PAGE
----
Suzita Cochran, a Boulder Valley mom of three and a psychologist, says dealing with uncertainty can be tough – but there are ways to help your children cope with life’s curveballs.
Our middle son, Daniel, began middle school this year. A middle child in middle school. It’s gone about as you would expect from that combination – not too well. Daniel now attends our neighborhood middle school, but comes to it from an elementary school across town with few friends in tow.
The challenge is that most of the sixth-graders at this middle school came from neighborhood elementary schools and therefore knew each other already. Daniel is slowly getting to know other kids, but no fast friendships have emerged.
Instead, he’s been learning the lesson that sometimes this process takes a while. If only he weren’t such a social kid, like so many middle children, then he wouldn’t care and it would all be a bit easier. But he does and it hasn’t been.
So I find myself musing about teaching my children to handle uncertainty. We don’t know how this will turn out for Daniel in the end. Will he make good friends or even a best friend? Or will it end up being one of those school years when he learns to manage on his own?
But this is life, right? We’ve all been through these tough situations. Perhaps this is why it’s so hard to watch our kids face them.
However, I did feel better after reading Jonathan Fields’ book, Uncertainty: Turning Fear and Doubt into Fuel for Brilliance. To be honest, I don’t know about the turning it all into brilliance part. This is middle school after all. But fear, doubt and uncertainty – those we have. Fields writes about developing a tolerance for ambiguity because ambiguity and uncertainty go hand in hand with any creative process. I immediately latched on to this concept. I was supporting Daniel to strengthen his tolerance for uncertainty. Because, as Fields says, without this there would be no creation and innovation, crucial life skills.
But uncertainty is like wearing an itchy wool sweater that’s a size too small – and because this is about middle school, we’ll say it’s also a bad color on you. The sweater’s not going to kill you, and in good moments you manage to forget about it. Yet it’s just not going to be a pleasant time when you’re wearing the thing.
So how do we help a child handle life’s ambiguities?
I had one initial idea. As it happened, our family adopted a Humane Society kitten before the school year began. Way back before we had kids, I’d come up with the idea to name our next cat Ambiguity. Then each time it plopped its fuzzy, warm body onto my lap, I’d be “sitting with Ambiguity.” I would practice accepting the many things undone and endings unknown around me, while calmly stroking a soft kitty.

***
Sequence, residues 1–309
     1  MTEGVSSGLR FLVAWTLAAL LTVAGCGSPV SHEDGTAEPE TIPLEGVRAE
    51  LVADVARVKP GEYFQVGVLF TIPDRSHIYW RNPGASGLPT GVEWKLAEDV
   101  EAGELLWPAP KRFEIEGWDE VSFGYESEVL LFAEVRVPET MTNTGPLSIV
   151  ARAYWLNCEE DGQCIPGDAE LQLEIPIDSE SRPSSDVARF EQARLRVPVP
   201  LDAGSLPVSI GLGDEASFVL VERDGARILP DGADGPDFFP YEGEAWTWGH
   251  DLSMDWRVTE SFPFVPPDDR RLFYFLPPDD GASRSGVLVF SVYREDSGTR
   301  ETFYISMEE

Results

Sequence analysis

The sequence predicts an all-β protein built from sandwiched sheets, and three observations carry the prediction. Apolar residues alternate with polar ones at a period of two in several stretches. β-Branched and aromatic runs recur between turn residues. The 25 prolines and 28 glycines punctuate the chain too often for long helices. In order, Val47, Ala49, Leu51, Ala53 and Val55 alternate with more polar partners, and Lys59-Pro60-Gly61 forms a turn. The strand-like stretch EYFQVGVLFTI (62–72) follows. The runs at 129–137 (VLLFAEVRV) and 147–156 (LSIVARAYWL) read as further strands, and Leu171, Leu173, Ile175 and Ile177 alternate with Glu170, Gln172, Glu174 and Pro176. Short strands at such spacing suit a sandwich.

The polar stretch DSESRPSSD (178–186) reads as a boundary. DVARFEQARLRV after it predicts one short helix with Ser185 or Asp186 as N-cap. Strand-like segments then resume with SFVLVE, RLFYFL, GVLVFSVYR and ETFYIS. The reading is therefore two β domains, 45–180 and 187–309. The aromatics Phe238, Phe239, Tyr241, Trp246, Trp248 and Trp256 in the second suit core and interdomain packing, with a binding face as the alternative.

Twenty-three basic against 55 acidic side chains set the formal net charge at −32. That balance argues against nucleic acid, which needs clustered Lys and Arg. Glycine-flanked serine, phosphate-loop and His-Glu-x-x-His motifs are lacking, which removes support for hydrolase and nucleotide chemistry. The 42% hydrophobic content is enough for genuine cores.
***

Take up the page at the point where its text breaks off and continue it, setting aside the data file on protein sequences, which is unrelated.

Of course when I floated the name Ambiguity by my kids, it went over like a pregnant high jumper, as my mom used to say in the ’70s. In the end we named her Shenandoah (daughter of the stars) for the river in my home state of Virginia. If wordplay and pets don’t go over in your house either, here are some other suggestions.
Six ways to help children learn to sit with ambiguity
- Predict. Help your child by predicting some of the challenges that may lie ahead. “Expect it to take a while to get to know all the rules in your new school. I bet it will feel a little awkward for a bit.” “What will you do if you don’t have someone to walk home with?”
- Exercise. Uncertainty is stressful. Exercise relieves tension and anxiety, in addition to helping children eat and sleep well during ambiguous times.
- Give kids small rewards and acknowledgments for tolerating uncertainty. During this challenging transition to middle school, Todd and I have given Daniel small treats now and again – a movie or special dessert. We tell him we’re proud of him for simply hanging in there. This falls in the same camp as my stepfather paying me for failing when I was a child. It’s worth acknowledging the tough things our kids are handling.
- Travel. In new places you and your children will quickly be reminded that things never go quite as planned on a trip. Will the boat come on time? Will we like the apartment we rented? Will the kids eat the food? Travel reminds us that even when events don’t play out as expected, some sort of adventure takes place. The unpredictability and uncertainty of travel can teach kids (and parents) to become comfortable with these experiences. Like the time we took our kids to Costa Rica to learn some Spanish and one of their favorite experiences turned out to be the adventures we had riding local buses.
- Get a pet. Unconditional love from an animal can be exceedingly beneficial to a child facing one of life’s struggles.
- Share your own experiences of ambiguity. Like all children, mine adore stories Todd and I tell from our childhoods. The ones they love best are those about our past challenges and failures.
Now, share your suggestions to help us get through uncertain times.
Editor’s note: A version of this post was originally published on Cochran’s blog Play. Fight. Repeat.